Also unlike most bands, Radiohead is well-known for a vision of the music biz that is similar to their conception of rock and roll: Their strategy for releasing In Rainbows (ie: pay what you want) seemed just as off-the-charts as what their brand of rock and roll created in each album since OK Computer.

China is a place where models of any kind tend not to work, so a band that is up for anything — not to mention creative about approaching the ten-tonne behemoth known as the music industry — is a perfect match for the Wild, Wild East.

Imagine if Radiohead actually set up the weibo account, and if it signals that the band is ready to seriously consider China. They could, like Linkin Park, make a real impression (LP were fortunate to have Huang Feng on their side building serious traction in-country in the days before weibo, douban and the million o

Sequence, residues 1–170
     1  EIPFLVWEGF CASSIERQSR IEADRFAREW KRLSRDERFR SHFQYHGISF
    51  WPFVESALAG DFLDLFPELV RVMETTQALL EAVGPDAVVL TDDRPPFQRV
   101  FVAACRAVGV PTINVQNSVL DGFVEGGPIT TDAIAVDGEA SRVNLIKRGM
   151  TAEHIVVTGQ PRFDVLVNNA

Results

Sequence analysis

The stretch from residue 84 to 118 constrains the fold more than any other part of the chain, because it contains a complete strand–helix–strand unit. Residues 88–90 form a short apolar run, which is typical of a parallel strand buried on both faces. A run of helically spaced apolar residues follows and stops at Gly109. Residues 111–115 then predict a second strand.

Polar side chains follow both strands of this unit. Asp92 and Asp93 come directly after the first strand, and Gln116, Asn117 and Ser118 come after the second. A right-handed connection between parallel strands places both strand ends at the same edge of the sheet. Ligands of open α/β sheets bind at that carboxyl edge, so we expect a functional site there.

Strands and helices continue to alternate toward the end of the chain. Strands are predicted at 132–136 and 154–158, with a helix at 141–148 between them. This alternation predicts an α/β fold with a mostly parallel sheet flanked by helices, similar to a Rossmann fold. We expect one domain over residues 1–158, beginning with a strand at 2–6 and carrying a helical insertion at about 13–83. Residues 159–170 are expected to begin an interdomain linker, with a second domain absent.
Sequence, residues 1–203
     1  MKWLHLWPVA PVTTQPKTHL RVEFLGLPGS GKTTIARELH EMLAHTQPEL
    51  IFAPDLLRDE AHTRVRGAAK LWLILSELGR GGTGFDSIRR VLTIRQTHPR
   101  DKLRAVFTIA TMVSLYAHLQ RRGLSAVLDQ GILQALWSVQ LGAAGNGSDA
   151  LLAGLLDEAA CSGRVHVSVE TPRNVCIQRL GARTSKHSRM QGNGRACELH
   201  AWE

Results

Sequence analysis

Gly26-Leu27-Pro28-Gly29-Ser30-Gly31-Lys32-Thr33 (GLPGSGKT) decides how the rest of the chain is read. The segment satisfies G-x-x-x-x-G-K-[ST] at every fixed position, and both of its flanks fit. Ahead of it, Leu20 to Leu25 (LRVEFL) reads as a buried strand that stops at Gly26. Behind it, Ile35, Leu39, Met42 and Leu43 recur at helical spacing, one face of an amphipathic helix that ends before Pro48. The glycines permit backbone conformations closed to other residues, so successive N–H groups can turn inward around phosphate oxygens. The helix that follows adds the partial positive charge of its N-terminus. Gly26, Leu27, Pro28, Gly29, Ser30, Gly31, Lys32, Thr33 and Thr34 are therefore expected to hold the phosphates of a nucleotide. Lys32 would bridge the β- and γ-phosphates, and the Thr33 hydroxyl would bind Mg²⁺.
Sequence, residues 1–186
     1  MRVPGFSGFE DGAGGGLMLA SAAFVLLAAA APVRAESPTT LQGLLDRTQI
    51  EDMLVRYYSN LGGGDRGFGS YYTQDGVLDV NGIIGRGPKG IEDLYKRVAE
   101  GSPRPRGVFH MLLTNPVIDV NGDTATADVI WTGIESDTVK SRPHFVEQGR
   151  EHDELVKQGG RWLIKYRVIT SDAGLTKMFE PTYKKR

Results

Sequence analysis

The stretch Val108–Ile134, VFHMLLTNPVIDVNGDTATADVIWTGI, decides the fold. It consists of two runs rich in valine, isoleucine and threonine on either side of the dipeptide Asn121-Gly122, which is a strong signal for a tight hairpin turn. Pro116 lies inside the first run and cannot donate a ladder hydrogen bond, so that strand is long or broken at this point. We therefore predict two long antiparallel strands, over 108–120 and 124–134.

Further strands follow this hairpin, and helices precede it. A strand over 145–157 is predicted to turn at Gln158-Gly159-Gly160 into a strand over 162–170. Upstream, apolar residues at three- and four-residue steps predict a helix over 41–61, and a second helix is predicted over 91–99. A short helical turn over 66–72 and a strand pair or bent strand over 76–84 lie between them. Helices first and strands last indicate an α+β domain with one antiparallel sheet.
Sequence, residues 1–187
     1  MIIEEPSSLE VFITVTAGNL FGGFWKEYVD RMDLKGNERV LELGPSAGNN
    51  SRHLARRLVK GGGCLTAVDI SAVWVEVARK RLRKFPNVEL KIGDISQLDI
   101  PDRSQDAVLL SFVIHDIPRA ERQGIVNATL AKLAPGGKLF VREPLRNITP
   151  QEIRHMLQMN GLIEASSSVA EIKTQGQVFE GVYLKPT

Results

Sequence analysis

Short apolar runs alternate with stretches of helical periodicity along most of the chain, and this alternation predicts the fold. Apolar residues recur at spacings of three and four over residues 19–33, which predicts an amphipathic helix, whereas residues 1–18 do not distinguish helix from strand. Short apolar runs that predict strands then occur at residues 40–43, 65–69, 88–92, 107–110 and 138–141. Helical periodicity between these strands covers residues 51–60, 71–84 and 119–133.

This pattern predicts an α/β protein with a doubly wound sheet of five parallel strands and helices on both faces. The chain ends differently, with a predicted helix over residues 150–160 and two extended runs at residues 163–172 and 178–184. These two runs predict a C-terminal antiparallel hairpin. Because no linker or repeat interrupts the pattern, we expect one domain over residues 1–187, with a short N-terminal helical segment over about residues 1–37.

ther platforms part of the new normal). There is much to learn from LP; as much about finding success as avoiding failure: The recent hugging/high-fiving the band didwith a certain elderly monk seems to have slowed that train’s return trip to China, but the point is, Team Linkin spent a good amount of energy building a real presence, and it paid off nicely until things went pear-shaped.

Linkin Park's Mike Shinoda and Rob Bourdon at the 2011PTTOW Summit via

Which is the other point: Real investment in China requires a full-on effort and an outlook that goes far beyond scheduling. Which doesn’t mean bands that want in to China need to drop causes, shut up and play. It means they have to know what the investment in China involves.